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Lundi Gras at 25

Twenty-five years ago this Carnival season, a new phrase became part of the common language of the celebration, “Lundi Gras.” Meaning “Fat Monday,” the phrase had popped up occasionally in various, mostly aged, publications – especially in reference to Creole traditions – but it wasn’t at all widely used. No publications from that time period used it.

That changed with the implementation of a plan that would bring Carnival closer to the river of the city’s birth. The idea called for the Rex organization to revive its custom of having the King of Carnival arrive by ship on the day before Mardi Gras. Except for a one-time re-enactment for Rex’s centennial, the tradition had ceased after the 1917 Carnival because of World War I and had never been re-instated. Key to the concept was Riverwalk, then owned by the Rouse Corporation, (not the local grocery chain but a Maryland-based company specializing in urban waterfront redevelopment projects such as Baltimore’s Harbor Place, New York’s South Street Seaport and Boston’s Faneuil Hall). As is now the case, Riverwalk had access to adjacent Spanish Plaza, which would be the location of the Rex arrival.

Unlike the Rex arrivals of yore (which were most often done before a small gathering of people) there would be much more. With Riverwalk acting as the producer, bands would be playing from the Spanish Plaza stage throughout the afternoon. The organized festivity would reach its crescendo with Rex and the mayor symbolically igniting a firework show to announce the arrival of Mardi Gras six hours before the clock said so.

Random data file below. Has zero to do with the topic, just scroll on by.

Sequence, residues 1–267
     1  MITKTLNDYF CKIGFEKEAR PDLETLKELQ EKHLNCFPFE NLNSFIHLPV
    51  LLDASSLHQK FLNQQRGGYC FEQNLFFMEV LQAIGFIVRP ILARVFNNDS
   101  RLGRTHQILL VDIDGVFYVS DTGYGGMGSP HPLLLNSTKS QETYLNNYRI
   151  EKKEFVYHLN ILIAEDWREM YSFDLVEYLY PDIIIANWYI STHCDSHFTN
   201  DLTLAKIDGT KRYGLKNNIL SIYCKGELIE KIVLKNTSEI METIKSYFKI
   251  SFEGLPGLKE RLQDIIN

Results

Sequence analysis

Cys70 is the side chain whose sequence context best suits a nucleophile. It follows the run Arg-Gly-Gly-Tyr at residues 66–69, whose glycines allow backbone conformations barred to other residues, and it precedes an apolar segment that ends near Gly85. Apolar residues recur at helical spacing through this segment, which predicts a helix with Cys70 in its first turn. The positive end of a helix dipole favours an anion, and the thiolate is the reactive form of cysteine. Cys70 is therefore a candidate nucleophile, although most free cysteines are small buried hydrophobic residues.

Since the day before Mardi Gras had historically been a slow day for Carnival activities (other than the Proteus parade), the whole package of events was given a collective name that would emphasize the Monday, hence the name Lundi Gras.

There was great uncertainty for the first arrival, but the crowd was good; Rex had created a new nautical costume for his river arrival and Riverwalk did its part expertly.

In the years to follow the term “Lundi Gras” would be embraced as though it had always been commonly spoken. Soon there would be spin-offs such as Samedi Gras and, the biggest stretch, Family Gras. Zulu would join the activity and began staging its own arrival an hour before Rex. In one of Carnival history’s happier developments, for the last several years Zulu and his entourage have gone to visit Rex. The two monarchs and various mayors have boogied together on the same stage.

At its simplest level Lundi Gras starts the partying a day earlier, filling the festivity gap between Sunday and Tuesday. But there’s an urban story here too. The celebration’s evolution was another benefit from the 1984 world’s fair, which created the infrastructure that made Riverwalk possible. The fair was a manifestation of change in urban riverfronts from industrial to leisure. Like the mayor and Rex, urban planning and Carnival sprit also came together on one stage.

A quarter-century later Lundi Gras is more popular than ever. This year the fourth different mayor will welcome the 25th different Rex. Riverwalk has changed owners twice, but happily the facility has maintained its commitment and provided its expertise.

Once again the sky will be ablaze with colors and we can all appreciate that what is just another Monday throughout the rest of the world is something special in New Orleans.

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